Carol Platt Liebau

Monday, January 17, 2005

Poor Lawrence Summers. Harvard's President has been caught committing political incorrectness, and it's going to be ugly.

What did he do? Well, at an economic conference, he suggested that there might be "innate differences" between men and women that explain why there are relatively fewer women in math and the sciences than in, say, the humanities.

As a result, the usual type of hysterical feminists are on a rampage. According to Harvard grad and Massachusetts Institute of Technology biologist Nancy Hopkins, "It is so upsetting that all these brilliant young women (at Harvard) are being led by a man who views them this way."

Well, if that's the quality of Hopkins' reasoning, it looks to me like she might have gotten her impressive job because she's a woman, not in spite of it. Give me a break.

From the story, it seems clear that Summers did not say that woman aren't as brilliant, capable, interesting, or worthy as men. He merely had the temerity to suggest that there may be some differences in brain structure that help men excel at some things, women at others. Hate to break it to the feminists, but that's become such common knowledge that even Psychology Today is writing about it. For his part, Summers only said that the issue merits study.

And so it does. It seems to me that Summers may be on to something. In so many areas, women are outpacing men -- law school admissions, med school admissions, high school graduation, the list goes on. Why not in math and the sciences? Are these feminists trying to assert that those disciplines, alone, are some bastion of gender discrimination?

Here's an even more provocative thought . . . math and the sciences are one of the few areas left where achievement is readily quantifiable, and the standards haven't changed. (Kind of like the Marines). If someone were really a misogynist, he could suggest that many of the "gains" we've seen in the "softer" areas of academe are attributable to the restructuring -- or even the lowering -- of many standards (kind of like the physical standards in the Army). In my view, that would be wrong, but perhaps it would merit further study.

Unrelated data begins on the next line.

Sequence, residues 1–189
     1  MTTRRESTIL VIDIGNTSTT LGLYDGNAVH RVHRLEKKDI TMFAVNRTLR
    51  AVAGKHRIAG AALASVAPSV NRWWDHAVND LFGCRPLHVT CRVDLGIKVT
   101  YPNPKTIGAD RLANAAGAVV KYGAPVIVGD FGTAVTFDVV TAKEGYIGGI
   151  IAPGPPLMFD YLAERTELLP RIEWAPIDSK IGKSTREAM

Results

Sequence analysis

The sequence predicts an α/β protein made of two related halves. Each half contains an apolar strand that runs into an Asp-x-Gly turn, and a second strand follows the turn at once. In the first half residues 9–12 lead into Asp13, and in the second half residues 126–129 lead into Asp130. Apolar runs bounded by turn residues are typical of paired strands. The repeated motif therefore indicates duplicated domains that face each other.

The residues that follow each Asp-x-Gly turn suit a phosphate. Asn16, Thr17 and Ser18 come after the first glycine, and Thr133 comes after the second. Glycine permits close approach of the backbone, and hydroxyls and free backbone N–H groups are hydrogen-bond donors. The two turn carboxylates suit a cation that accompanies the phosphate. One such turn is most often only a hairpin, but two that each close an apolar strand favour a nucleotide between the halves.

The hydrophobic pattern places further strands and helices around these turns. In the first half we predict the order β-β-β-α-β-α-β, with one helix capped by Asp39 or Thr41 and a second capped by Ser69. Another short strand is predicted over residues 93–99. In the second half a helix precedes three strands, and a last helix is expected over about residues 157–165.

One thing is certain: The hysteria with which some women greet innocuous remarks like Summers' suggest that they are far less secure about their own -- and their "sisters'" -- capabilities.

They need to get over it. For years, the rational world has known that there are some real, immutable differences between the sexes. That's not a political statement; it's a recognition of reality. For feminists to continue to ignore these differences -- and to equate any discussion of them with an accusation that women are somehow inferior -- is just crazy.

Larry Summers deserves a break on this one. Then again, perhaps he's learning just how oppressive the kind of PC-speak that dominates academia can be -- not just for conservatives, but for anyone with an opinion that defies radical chic received wisdom.

1 Comments:

Blogger TeacherJoeInLA said...

Bravo Carol
It distressed me though it did not suprise me that Summers was being scoured even though there were no quotes or transcripts of the speech published.

Thankyou for your level headdedness - how unusual in a wo .... no no noI didn't mean that ... I mean women aren't usually capable of .... no

All joking aside. Its vital to have intellegent women speaking for objectivity. Thanks again

12:04 AM  

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